Three prison inmates have launched a legal challenge to force the Scottish government to give them a vote in next year’s independence referendum. The three men, Andrew Gillon and Leslie Moohan, both serving sentences for murder, and a third long-term prisoner, Gary Gibson, insist they want to vote in the referendum. The trio argue that the Scottish government’s refusal to allow them to vote is a breach of their rights under the European Convention on Human Rights (ECHR) and the UK’s obligations under the international covenant on civil and political rights. Their case, being fought by the human rights lawyer Tony Kelly, who has won a series of landmark rulings on prisoners’ rights, follows a long-running political dispute over the franchise for next year’s referendum.
Scottish first minister, Alex Salmond, has refused to allow prisoners to vote despite repeated legal rulings by the European court of human rights that the UK’s complete bar on inmates voting is a breach of the human rights convention.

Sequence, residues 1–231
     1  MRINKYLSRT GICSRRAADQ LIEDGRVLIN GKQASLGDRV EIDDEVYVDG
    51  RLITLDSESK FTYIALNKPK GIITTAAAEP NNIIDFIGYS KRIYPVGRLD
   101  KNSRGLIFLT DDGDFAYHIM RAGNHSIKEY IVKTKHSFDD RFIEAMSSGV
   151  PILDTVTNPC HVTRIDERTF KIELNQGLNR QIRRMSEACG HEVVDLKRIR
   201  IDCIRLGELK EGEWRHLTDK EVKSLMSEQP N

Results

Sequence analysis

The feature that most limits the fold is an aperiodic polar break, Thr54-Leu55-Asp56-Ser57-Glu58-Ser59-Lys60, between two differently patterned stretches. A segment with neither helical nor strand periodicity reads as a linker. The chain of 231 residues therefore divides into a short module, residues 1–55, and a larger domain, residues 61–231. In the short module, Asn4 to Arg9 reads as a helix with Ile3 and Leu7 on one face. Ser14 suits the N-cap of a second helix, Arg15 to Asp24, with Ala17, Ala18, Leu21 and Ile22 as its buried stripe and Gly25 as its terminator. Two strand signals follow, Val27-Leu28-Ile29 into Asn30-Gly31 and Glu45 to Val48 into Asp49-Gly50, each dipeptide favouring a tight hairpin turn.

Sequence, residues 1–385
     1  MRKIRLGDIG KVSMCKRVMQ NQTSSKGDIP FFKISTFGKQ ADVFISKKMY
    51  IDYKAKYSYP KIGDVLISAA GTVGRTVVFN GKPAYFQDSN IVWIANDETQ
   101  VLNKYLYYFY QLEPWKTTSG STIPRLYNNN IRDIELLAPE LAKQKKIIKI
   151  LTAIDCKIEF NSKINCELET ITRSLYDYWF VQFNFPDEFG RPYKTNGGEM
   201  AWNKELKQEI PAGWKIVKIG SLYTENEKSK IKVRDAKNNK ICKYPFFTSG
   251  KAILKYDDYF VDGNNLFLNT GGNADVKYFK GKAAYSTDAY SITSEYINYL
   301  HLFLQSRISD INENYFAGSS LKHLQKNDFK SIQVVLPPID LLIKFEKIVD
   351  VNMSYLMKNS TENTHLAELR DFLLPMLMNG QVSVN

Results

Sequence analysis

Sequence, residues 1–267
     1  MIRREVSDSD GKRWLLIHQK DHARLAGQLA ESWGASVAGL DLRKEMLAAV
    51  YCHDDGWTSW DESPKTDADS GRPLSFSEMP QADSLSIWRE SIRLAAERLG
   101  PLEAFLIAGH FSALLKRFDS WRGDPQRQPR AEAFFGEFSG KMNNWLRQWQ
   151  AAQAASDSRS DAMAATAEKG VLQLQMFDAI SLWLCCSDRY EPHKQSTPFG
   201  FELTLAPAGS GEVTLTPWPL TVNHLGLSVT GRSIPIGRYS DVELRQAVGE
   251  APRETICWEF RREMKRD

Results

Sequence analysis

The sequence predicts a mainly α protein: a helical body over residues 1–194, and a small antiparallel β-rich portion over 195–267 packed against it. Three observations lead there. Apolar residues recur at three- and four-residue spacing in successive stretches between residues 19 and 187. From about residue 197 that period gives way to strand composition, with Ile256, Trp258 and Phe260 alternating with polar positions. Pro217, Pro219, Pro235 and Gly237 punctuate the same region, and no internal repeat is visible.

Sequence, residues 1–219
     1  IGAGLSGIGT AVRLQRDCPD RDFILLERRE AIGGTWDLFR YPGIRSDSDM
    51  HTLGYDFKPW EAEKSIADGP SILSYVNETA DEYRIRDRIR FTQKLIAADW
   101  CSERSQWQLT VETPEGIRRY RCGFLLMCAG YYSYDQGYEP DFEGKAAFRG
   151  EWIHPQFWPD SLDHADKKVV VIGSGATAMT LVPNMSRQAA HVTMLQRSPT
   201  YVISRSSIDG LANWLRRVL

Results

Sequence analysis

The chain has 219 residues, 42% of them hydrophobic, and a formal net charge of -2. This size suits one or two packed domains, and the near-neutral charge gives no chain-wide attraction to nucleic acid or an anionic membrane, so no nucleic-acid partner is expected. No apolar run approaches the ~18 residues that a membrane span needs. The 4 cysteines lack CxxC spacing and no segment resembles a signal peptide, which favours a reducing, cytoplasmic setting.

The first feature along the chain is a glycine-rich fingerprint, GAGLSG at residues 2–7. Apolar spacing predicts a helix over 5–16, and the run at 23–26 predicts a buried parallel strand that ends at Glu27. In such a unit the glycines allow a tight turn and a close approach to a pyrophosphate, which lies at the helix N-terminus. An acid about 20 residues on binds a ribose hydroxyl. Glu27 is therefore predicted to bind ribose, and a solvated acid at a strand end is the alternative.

The Scottish government argues that these rulings cover elections, not referendums, although prisoners on remand will be allowed to vote. Nor has the UK government yet bowed to the human rights court by extending the vote to prisoners.
Its critics, including the legal reform group Howard League for Penal Reform in Scotland and the Scottish Liberal Democrats, argue that Scottish ministers are free to extend the franchise in a referendum to any group they wish. They have, for the first time in a national event, allowed 16- and 17-year-olds to vote.